February 27, 2015

Good clippers represent a fairly sizeable investment for groomers. From bare bones, one-speed, corded clippers at around $100 to top-of-the-line cordless models at almost $500, choosing which one is best for the way you groom can be mind boggling.

Groomers in the United States tend to wan to work with lightweight, high-speed clippers. They say “I don’t want to use a heavy tool” at trade show booths and in on-line forums. Here are some things that should be taken into consideration when choosing this all-important tool.

Weight: The human body has the ability to adapt to lifting, carrying and working with tools that vary in weight. Look at athletes who train with weights to strengthen their muscles. They are able to increase the size of the weights they lift as their bodies adapt and strengthen. So, working with a heavier clipper simply means that your muscles will need to grow to adapt to that clipper.

But why bother when there are lighter clippers available? Well, there is a trade-off that comes with less weight. Lightweight clippers are made up of plastic parts. By its nature, plastic is lighter than metal and that is good, right? The unfortunate downside to plastic parts is that they wear out more quickly than those made from metal. Those same groomers who prefer lightweight clippers often find that they have to be repaired frequently and replaced as often as every year.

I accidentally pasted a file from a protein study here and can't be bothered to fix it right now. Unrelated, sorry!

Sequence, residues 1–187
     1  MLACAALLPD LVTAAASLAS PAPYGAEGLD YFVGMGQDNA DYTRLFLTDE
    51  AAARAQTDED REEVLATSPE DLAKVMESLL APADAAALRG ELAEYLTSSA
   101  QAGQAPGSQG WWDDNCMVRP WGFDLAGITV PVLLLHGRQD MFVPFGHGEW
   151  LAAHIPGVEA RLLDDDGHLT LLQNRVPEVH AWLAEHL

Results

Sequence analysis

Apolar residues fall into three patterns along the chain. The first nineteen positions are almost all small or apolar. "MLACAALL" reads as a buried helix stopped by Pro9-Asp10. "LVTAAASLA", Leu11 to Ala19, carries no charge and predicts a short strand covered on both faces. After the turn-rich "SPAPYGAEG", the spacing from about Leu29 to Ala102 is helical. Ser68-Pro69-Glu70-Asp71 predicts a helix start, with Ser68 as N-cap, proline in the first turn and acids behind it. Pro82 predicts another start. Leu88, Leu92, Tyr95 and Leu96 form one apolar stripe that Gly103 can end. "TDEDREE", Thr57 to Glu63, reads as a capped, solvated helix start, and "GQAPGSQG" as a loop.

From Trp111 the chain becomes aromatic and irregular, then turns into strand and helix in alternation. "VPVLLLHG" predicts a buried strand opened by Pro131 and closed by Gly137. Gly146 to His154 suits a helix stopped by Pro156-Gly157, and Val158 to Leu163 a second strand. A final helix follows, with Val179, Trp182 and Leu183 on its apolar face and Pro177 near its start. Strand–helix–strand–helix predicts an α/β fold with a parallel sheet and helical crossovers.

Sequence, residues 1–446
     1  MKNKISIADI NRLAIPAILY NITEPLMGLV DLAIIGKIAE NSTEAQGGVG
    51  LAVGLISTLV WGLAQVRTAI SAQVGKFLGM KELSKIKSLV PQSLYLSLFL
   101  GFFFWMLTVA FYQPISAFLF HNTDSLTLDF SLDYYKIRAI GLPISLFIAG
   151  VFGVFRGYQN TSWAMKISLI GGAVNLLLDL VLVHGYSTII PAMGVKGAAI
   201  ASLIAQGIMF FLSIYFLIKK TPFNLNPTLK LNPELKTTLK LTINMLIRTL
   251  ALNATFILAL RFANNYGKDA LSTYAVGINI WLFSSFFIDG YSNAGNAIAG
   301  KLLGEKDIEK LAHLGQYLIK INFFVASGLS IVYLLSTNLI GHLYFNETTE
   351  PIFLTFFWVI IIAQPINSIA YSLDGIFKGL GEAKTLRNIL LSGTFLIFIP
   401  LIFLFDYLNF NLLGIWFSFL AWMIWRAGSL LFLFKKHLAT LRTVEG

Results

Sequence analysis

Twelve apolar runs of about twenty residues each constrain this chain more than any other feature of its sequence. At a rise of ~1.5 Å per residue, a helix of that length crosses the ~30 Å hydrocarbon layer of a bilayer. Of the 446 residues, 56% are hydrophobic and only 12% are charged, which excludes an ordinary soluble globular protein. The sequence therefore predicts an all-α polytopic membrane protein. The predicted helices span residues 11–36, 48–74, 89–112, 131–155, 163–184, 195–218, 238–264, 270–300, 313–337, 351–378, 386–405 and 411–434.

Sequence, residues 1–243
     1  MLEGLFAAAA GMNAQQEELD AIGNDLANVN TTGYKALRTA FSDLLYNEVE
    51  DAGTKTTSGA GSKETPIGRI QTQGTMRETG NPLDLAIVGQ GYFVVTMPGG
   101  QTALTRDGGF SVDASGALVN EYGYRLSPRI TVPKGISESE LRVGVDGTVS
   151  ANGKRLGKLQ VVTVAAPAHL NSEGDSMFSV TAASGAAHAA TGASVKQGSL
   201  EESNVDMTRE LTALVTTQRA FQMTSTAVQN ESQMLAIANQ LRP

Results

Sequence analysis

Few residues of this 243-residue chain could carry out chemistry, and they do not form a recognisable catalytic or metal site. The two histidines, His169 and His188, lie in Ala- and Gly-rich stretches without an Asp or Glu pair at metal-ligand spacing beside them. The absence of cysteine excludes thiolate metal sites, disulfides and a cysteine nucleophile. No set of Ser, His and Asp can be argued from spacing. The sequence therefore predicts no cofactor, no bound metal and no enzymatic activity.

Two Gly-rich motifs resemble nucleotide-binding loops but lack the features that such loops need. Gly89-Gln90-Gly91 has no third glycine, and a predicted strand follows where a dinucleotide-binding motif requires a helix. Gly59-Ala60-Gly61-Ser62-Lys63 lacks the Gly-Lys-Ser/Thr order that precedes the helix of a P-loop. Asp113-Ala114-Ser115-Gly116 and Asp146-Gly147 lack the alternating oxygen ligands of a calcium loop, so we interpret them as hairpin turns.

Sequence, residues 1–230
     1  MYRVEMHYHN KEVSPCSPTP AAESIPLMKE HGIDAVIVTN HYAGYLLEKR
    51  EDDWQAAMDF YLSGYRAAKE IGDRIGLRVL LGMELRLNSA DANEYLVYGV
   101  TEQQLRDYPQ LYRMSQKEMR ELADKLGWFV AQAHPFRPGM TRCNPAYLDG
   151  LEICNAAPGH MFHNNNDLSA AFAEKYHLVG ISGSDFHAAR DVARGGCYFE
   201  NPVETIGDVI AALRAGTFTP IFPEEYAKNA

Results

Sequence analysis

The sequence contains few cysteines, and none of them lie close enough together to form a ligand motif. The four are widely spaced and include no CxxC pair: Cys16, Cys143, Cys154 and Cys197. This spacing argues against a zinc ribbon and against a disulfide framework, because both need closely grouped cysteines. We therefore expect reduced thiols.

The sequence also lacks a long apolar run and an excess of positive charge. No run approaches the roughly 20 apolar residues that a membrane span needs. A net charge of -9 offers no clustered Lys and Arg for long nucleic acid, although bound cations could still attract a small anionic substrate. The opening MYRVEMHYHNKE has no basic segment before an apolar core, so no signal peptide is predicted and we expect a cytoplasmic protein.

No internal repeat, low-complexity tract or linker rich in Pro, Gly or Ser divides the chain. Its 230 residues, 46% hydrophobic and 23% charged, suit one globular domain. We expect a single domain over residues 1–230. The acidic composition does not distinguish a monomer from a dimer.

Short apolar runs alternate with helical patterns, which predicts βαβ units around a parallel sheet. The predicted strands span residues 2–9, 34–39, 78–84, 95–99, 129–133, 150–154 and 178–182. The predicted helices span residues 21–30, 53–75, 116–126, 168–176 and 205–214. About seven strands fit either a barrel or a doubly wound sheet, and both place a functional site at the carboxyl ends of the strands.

Speed: Clipper speed is stated in a measurement known as SPM, or strokes per minute. What this refers to is the number of times the top (cutter) blade of the clipper moves across the lower (comb) blade. The higher that number is, the faster the blade moves. With high speed comes friction and with friction comes heat. Hot blades can irritate a pet’s skin during grooming. Heat also contributes to the clippers needing more frequent visits to the sharpener to keep them properly adjusted and cutting well. Clippers that offer multiple speeds seem like a fun choice but groomers often report, that they always just use it on the highest speed.

Vibration: Many groomers do not realize that the vibration of a clipper can cause irritation, strain and even numbness in the hand and wrist. When choosing a clipper, look for one that offers a low vibration setting for comfortable clipping in the long run. Unfortunately, some models have very low vibration when they are new but as they begin to wear with use, they may develop an annoying shimmy.

Corded vs. Cordless: There is something wonderful about being untethered by an electrical cord while grooming. If you use a vacuum system to enhance your work, clipping cordless makes even more sense, giving stylists more freedom of movement as they work. When trying out cordless clippers, hold them and feel where the weight of the clipper is. In some older models the battery pack is the heaviest part of the hand piece, which can cause wrist strain when making adjustments to hold the clipper in a balanced position. Lithium ion battery technology has improved the maneuverability, durability and longevity of cordless clippers by leaps and bounds.

Shape: Groomers are taught to hold clippers lightly and in a position similar to that of holding a pencil. Many clippers are designed in a uniform shape from end to end. More modern models feature an indentation, or waist, designed to be more ergonomically correct; this helps reduce strain and fits even those with smaller hands more comfortably. Groomers find that they either love this shape or loathe it because it forces them to hold the clipper in only one position. Some stylists like to vary their grip, depending on what sort of grooming they are doing.

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